This affirms the projections that Asian Development Bank had announced last week and while releasing its flagship report in Sydney.
ADB’s senior Pacific economist Chris Edmonds told Radio Australia’s Pacific Beat program that the drop from 7 per cent in 2015 to 4.3 per cent was huge adding it projected that the growth would slow even further to 2.7 per cent in 2017.
BPNG Governor Loi Bakani said the growth was lower than the levels in 2014 adding that for 2016, this would be driven by activity in the non-mineral sectors, resumption of production at the Ok Tedi mine, increased production at the Ramu nickel/cobalt mine and increase in activity in some parts of rural PNG as a result of infrastructure development.
He said the prevailing low international commodity prices, low export receipts and downward pressure on the kina exchange rate was expected to continue in 2016 and that government had provisioned for external financing to fund its infrastructure programs as well as to refinance domestic debt.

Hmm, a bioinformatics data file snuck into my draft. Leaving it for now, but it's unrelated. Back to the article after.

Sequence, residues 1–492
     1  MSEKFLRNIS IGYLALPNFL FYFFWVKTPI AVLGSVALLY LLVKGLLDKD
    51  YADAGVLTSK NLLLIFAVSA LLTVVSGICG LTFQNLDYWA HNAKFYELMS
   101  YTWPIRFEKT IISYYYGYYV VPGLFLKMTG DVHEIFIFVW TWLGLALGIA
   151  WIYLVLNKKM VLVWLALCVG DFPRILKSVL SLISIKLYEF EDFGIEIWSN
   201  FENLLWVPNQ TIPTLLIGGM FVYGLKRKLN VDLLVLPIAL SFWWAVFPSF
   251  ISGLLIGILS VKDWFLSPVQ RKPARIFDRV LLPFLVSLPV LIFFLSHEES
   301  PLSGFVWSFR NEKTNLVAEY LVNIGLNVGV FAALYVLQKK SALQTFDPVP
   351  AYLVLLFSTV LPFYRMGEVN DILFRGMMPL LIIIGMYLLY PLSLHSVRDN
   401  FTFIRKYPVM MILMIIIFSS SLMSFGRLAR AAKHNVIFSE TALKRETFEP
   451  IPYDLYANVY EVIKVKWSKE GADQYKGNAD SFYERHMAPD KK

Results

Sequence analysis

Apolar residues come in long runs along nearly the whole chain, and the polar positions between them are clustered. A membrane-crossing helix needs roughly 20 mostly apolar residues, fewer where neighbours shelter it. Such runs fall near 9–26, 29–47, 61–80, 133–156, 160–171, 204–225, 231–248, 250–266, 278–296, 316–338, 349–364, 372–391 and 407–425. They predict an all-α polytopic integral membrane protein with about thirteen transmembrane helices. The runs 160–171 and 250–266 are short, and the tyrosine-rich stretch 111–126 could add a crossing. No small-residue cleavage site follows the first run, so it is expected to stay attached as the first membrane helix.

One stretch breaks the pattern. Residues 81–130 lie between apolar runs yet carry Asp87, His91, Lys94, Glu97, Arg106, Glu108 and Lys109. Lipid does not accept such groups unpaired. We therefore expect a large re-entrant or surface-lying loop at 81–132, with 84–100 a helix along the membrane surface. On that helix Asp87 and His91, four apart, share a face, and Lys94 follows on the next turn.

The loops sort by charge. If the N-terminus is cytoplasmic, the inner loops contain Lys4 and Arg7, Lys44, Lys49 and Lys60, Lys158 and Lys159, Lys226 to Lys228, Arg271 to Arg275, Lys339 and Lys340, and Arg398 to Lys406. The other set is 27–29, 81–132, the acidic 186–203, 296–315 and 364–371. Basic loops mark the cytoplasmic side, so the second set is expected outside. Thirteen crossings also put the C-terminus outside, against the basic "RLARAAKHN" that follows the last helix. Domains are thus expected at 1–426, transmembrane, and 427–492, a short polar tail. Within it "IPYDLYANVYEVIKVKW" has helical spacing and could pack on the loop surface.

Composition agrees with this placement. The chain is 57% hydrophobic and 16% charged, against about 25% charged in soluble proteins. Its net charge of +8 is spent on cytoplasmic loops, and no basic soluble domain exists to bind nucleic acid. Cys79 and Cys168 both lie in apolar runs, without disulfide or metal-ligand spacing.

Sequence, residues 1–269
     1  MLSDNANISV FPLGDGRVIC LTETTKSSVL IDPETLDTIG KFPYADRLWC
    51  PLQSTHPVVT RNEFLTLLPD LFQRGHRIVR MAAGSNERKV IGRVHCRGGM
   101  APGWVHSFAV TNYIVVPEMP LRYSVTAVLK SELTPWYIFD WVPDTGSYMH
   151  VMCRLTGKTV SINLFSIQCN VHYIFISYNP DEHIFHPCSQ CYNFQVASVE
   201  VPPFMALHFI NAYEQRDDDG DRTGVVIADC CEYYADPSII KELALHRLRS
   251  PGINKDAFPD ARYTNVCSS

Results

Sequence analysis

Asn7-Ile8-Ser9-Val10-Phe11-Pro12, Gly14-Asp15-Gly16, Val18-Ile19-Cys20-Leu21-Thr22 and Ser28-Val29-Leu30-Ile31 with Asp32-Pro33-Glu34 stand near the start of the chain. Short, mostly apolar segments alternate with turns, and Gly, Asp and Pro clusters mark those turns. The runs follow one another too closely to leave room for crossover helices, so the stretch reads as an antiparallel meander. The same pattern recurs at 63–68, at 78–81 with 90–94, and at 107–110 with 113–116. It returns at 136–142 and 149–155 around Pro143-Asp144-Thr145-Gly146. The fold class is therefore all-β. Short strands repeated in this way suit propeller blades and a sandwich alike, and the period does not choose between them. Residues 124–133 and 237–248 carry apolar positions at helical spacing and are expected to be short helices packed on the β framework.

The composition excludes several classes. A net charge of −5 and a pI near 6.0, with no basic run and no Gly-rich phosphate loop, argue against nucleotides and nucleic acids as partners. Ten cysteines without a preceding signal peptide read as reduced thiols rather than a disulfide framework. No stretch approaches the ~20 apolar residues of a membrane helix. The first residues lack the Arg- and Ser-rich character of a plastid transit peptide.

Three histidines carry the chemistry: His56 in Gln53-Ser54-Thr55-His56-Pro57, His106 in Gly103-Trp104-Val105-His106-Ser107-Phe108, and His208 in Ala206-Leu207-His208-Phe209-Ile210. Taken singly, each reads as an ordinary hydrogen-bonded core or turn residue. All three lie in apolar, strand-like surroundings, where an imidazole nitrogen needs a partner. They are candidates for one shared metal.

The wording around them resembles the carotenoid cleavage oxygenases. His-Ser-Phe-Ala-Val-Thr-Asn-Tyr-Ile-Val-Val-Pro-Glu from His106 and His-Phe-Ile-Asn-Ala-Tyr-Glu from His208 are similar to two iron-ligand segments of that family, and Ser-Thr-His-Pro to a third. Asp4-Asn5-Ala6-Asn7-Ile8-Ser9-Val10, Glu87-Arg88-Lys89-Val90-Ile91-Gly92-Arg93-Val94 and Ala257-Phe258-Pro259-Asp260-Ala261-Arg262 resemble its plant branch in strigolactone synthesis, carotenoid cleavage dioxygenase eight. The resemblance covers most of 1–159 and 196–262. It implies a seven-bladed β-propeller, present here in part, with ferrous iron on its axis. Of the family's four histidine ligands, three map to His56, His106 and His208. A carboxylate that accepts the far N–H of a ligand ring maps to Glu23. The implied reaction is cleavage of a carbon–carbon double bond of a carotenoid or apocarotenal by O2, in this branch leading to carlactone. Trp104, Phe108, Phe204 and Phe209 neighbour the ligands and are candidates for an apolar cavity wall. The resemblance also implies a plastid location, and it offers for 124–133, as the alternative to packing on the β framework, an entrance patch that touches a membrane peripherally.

On the same token the governor said that the non-mineral sectors had the potential for inclusive growth and it was critical that government pursed them. Among them the small to medium enterprise initiatives, the agriculture reforms, structural reforms and introduce appropriate trade and investment policies to help boost growth in the non-minerals sector.
In addition to this the bank had stated that appropriate concessions were essential to attract more foreign direct investments into non-mineral sector.
"All these will help reduce the economy’s dependence on the mineral sector.
"These initiatives must be supported by further improvements to key infrastructure and reforms to pubic utility services to enhance reliability and efficiency. Post Courier/ One PNG